Musical Discovery: ‘Lost Boys’ by Ocean Park Standoff vs. Seeb

Hit remixers Seeb seem to have a knack for shining a spotlight on underrated musicians.

The Norwegian trio somewhat revived the career of Cooler Than Me singer Mike Posner with their version of I Took A Pill in Ibiza. Now, in their latest collaboration, they place some attention on Ocean Park Standoff as they present their twist on their track, Lost Boys.

With the original chorus having a slower beat and more atmospheric feel to it, it’s Seeb that give the track the traditional spring in its step through bouncy, off-beat synth mixing in-between a driving rhythm. Such a motif across the DJs’ portfolio may make listeners wonder what sets each song from their backlog apart. Yet, it’s always the melody which accompanies the jumpy vibe which makes every new Seeb remix exciting. In this case, three pronounced electronic notes is a small touch that makes this remix all the more catchy.

Not only that, but the initial chorus serves as an anthemic build-up to the trio’s euphoric drop – the progression to which is pretty much seamless. The track starts a tad clumsy with the opening chorus cut short, but it’s stripped-back introduction which is quickly emboldened by bolder drums in the bridge. There’s no denying that – at the start of each evrse – the track maintains the laid-back style and vocal emphasis of the original. Singer Ethan Thompson’s sound (which sounds very similar to Too Close artist Alex Clare) remains soulful and powerful throughout.

Packed with a strong, kicking tempo and a colourful interlude, Seeb’s remix of Lost Boys presents Ocean Park Standoff fans with a fast-paced club alternative to a track they know and love. It’s upbeat and vibrant, whilst not overshadowing the original version in the slightest. Just how remixes should be.


Musical Discovery: ‘Ego’ by Ella Eyre feat. Ty Dolla $ign (Jack Wins Remix)

A successful remix is always one which could be passed off as the original, if the listener hasn’t heard anything different. In my case, as I listened to Jack Wins’ remix of Ella Eyre’s Ego, despite knowing it wasn’t the initial song, it certainly sounded like the first version.

There’s no denying that Eyre’s vocals can’t fit a good dance track (look no further than her recent hits with Sigma and Sigala, which both entered the UK Top 40). From something a bit tropical (Came Here for Love) or drum-and-bass (Good Times), Jack’s remix shows Ella’s suitability for a more club-like sound. With the original version adopting a slow calypso, the club version injects some much-needed fun and pace into the track. Whilst the initial track’s chorus contains nothing more than flowing drums and soulful vocals from Ella, Jack Wins brings a new instrumental melody to this part of the song which gives it that added punch.

Disappointingly minimalistic in its makeup, the slower tempo of Ella’s song lacks a satisfying beat drop and chorus. It may well serve as a more atmospheric single compared to the 23-year-old’s previous, fast-paced pop releases, but it just lacks a certain substance. Ego sounds very much like a track one would see accompanying a big-budget emotional movie trailer. It is great background listening, and is comfortably mediocre, but there’s nothing there to warrant our full attention.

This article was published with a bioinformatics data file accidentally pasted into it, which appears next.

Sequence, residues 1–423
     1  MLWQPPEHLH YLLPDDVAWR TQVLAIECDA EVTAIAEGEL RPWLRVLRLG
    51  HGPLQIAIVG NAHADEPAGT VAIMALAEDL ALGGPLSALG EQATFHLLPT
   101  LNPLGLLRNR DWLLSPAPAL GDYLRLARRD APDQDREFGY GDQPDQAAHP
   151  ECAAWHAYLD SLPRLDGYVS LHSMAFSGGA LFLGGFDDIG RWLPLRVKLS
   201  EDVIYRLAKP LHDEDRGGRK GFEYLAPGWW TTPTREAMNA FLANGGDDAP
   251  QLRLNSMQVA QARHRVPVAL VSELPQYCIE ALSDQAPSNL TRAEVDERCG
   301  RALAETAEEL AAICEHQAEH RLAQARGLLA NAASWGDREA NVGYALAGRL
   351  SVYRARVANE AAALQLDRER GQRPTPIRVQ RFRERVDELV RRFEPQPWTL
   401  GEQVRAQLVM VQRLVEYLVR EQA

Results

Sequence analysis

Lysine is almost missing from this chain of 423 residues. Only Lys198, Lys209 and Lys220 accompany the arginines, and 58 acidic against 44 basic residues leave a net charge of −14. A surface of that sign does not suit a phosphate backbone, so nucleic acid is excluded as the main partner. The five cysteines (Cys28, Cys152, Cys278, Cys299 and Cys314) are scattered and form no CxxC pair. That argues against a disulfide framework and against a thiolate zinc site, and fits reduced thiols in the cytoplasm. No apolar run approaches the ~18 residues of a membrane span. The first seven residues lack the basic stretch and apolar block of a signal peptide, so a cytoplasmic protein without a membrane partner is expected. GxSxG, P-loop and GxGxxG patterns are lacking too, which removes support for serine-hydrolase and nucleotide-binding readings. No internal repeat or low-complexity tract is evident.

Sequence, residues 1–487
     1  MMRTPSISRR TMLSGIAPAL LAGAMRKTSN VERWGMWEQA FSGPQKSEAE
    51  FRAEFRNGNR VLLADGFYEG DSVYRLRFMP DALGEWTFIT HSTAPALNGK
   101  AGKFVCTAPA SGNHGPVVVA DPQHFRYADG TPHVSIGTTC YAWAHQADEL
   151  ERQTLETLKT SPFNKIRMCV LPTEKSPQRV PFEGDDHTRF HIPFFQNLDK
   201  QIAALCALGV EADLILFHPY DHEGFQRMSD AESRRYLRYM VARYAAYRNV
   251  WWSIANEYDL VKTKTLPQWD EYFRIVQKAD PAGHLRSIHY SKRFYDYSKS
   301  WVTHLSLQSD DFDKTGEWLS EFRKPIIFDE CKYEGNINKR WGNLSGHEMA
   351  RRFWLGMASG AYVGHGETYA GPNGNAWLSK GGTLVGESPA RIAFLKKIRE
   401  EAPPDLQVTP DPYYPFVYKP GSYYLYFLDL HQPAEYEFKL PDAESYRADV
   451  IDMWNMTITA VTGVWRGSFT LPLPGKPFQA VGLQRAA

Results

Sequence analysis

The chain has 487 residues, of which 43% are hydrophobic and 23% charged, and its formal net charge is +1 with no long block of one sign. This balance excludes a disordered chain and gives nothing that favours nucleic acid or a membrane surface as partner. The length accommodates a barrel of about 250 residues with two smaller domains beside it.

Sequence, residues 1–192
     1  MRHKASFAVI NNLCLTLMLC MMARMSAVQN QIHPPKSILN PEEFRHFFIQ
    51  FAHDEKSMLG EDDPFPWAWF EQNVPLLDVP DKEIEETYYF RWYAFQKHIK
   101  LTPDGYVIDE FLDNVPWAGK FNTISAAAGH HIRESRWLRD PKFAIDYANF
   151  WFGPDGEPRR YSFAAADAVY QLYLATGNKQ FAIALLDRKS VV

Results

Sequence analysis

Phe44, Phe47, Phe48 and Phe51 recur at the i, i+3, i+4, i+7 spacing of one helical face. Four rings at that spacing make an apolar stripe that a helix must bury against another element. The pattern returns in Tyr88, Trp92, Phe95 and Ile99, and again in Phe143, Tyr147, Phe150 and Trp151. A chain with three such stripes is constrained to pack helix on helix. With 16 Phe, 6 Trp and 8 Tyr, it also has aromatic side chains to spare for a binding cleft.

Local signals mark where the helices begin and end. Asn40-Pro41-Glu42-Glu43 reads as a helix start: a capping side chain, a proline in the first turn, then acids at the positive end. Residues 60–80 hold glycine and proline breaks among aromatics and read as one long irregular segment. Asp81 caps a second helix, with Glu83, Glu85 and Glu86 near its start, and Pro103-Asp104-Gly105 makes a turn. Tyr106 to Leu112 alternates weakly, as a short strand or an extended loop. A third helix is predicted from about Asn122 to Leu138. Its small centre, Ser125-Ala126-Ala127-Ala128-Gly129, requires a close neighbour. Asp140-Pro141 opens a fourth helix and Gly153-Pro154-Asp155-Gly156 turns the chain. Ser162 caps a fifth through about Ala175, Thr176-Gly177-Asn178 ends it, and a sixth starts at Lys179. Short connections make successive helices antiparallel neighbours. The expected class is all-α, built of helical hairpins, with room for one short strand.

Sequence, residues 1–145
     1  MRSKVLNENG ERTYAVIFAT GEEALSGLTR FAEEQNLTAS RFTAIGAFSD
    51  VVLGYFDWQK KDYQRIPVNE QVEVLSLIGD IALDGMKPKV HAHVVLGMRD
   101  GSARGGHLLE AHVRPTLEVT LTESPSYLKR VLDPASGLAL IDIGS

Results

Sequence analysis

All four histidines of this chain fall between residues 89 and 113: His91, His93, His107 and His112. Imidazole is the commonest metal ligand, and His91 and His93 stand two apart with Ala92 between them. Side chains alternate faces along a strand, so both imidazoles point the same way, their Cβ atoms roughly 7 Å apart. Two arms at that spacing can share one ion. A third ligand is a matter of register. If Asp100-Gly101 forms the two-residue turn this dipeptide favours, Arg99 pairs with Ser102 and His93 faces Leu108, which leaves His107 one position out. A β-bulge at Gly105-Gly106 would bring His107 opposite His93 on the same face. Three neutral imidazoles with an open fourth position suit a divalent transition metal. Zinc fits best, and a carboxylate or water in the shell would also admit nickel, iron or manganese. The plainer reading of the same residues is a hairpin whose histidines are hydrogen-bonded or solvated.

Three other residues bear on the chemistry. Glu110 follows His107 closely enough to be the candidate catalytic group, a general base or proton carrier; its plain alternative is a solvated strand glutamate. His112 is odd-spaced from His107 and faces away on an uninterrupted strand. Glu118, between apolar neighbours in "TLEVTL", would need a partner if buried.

This brings me to Jack Wins’ remix, and my point about this having the potential to be considered the original. The Dutch DJ’s impressive portfolio of hits shows he is no stranger to creating the perfect hook, beat drop and chorus, and fixes all the mistakes in the initial track with ease.

The underwhelming beat drop at the start is replaced with a satisfying drum fill, followed by a chorus complete with a bouncy rhythm and sharp synth chords to set the tone. Yet again, like his Rockabye remix, Jack Wins cuts out the featured rapper in the track (Ty Dolla $ign) for the benefit of the song as a whole.

With a perfect balance between adding new things to the song, and taking other parts away, Jack’s remix style yet again brings out the best in a single in a way that makes it his own – and if that’s not the sign of a good remix, then I don’t know what is.

Musical Discovery: ‘Too Good At Goodbyes’ by Sam Smith (Robin Hustin Remix)

For any DJ, remixing ballads is always a tricky move. Aside from the fact that people like Whitney Houston, Adele and Sam Smith are household names and boast strong fanbases, pushing a slow tempo and finding a unique melody to place on top of the track could take away from the original aspects of the song. Much like how artists were quick to work on Adele’s Hello when she returned in late 2015 (to various success), following Sam Smith’s return last week, DJs are now working on remixes for his latest single, Too Good At Goodbyes. One such artist is Robin Hustin.

It’s a remix which is structurally sound throughout, following the usual rise and fall expected of a dance track. In the verses, Hustin steps back to let Sam Smith take centre stage with his vocals. That is, up until the pre-chorus, which the Danish DJ uses as the perfect build-up to a pulsating drop full of sharp club synths. Whilst the original purposefully – and rightfully – didn’t contain many instruments, Hustin has filled the gap with subtlety and flair with his own creative remix.

Update: Since publishing this review, the remix is no longer available due to ‘copyright issues’.

Musical Discovery: ‘Don’t You Feel It’ by Sub Focus feat. ALMA (Sub Focus & 1991 Remix)

Whilst the original version of Don’t You Feel It showed that Sub Focus (real name Nick Douma) had adopted a more deep house style, it’s his latest remix with 1991 which takes us back to the drum-and-bass style of the DJ’s previous two albums.